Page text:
They are ALL wrong!

The above is the full 8 minutes

Ya know– I hate ‘sound-bites’ and I sure am wise enough to know when I end up listening to something in pieces, that I do not nor will I ever have the entire history regarding anything that I just heard. Now– I do know the following–

1] This woman was in control of the call and dialoge

2] I do not believe he knew it was being taped

3] She said what she wanted said on the tape

4] If we taped anyone of us during a domestic tyrate it would not be pretty

5] He sounds like every Biker [sorry bikers] I ever knew

6] IF domestic violence did happen, he is wrong– flat out wrong

7] I am not a shrink, so there can be no diagnosis from me while I sit in my armcahir

8] I have used almost every word he used at one time in my life

9] I actually don’t think this tape is any of our business

10] Obviously he is out of control about something way past what we are aware of… in their life together

11]… He should never ever hit nor threated to put her [or anyone] under.

12] Can anyone one of us look back honestly in our own lives and say that we or someone we knew had never ever gotten into a heated screaming match? Would you want it recorded for all to hear out of contents??

AGAIN== Mel is wrong with his rage and violence…  I am just speaking to the ‘taping’.

The media is having a hayday with this…  Mel needs help, counceling…. something. And she needs to just do what she has to do in court, get to court and settle whatever she wants to settle– but ya know, somewhere in the nasty oh-so-wrong shit is a bid for money– and tons of it. I am not saying Mel didn’t do terrible stuff, he most likely sure as hell did– but I am just not excusing her or the media on this one either. The Radar Online folks stated that she personally did not give them the tapes. I am sure she sure as hell had a hand in it– she needed public outrage, or so she thinks. Screw this mess… I want to hear the well is capped and the clean-up is going well, and the troops are coming home [which will add to millions of more unemployed Americans because WHERE ARE OUR TROOPS GONNA WORK?? So there ya have it– this story is not a news worthy story!!! Jobs, Troops, Wars, Unemploymeny, healthcare, enviornment are true stories!!!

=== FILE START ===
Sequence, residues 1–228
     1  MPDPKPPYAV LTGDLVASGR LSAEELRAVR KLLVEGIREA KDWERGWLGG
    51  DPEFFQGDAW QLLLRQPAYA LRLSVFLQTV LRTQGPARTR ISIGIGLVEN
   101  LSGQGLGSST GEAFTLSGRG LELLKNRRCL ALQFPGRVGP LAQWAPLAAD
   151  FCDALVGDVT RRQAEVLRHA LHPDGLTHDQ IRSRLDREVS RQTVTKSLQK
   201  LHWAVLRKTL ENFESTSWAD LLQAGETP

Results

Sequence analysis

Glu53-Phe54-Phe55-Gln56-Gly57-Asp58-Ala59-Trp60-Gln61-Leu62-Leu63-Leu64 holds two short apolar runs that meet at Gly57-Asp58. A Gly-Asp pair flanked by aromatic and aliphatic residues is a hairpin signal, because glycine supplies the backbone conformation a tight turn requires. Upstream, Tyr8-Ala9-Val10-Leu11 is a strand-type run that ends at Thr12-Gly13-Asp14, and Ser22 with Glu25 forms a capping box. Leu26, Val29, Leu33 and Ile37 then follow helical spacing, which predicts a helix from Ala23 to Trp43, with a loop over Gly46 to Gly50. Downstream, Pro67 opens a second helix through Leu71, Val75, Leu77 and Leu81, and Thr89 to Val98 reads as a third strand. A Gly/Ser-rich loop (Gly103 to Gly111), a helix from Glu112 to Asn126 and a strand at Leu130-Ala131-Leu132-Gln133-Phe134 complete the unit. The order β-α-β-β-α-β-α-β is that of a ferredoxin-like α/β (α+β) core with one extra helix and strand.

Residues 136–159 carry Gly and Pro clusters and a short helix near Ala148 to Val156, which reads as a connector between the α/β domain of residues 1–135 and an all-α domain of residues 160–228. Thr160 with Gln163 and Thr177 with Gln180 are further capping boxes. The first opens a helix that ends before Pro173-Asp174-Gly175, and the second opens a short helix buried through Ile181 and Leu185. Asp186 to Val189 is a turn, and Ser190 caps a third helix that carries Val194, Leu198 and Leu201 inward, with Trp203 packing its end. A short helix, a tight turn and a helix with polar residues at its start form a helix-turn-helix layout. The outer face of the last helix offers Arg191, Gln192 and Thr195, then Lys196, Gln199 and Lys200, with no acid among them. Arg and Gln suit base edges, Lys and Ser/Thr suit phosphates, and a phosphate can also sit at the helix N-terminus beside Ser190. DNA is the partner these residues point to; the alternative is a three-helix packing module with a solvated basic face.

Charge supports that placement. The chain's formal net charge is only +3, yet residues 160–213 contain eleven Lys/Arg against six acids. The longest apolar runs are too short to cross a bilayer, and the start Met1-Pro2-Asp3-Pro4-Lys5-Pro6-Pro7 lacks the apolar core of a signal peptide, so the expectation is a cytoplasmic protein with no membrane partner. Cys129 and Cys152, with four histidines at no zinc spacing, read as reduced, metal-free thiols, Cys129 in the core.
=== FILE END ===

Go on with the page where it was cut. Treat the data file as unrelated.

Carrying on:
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Donated by the Citizens of the United States of America

Camp is empty   report and video link

I watched the report on this on BBC. This camp is empty because AGAIN the haitian Government is elitist and corrupt. The ‘weathly’ folks who used to live in fine Starter-Castles and McMansions said they wouldn’t live there. And AFTER the USA donated these tents, bathrooms, watering stations etc.. the Haitian government built this camp for the RICH folks who will not live there. They demand the government TEAR THEM DOWN and build them their big homes again on that level land!!! Meanwhile, starving poor folks who have nothing are across the road in a slum camp seeing this camp and are not allowed there. I tell you what, I think the poor folk need to revolt!! and march their starved asses over to the new camp… and squat. Ok I know, they would most likely be killed… but damn it this makes me so friggin mad. THIS IS EXACTLY wtf has been wrong in haiti all along. Its not that other countries haven’t helped… but their government keeps the donations and goods for the upper elite [as if they are really classey folk! ]… geeeece.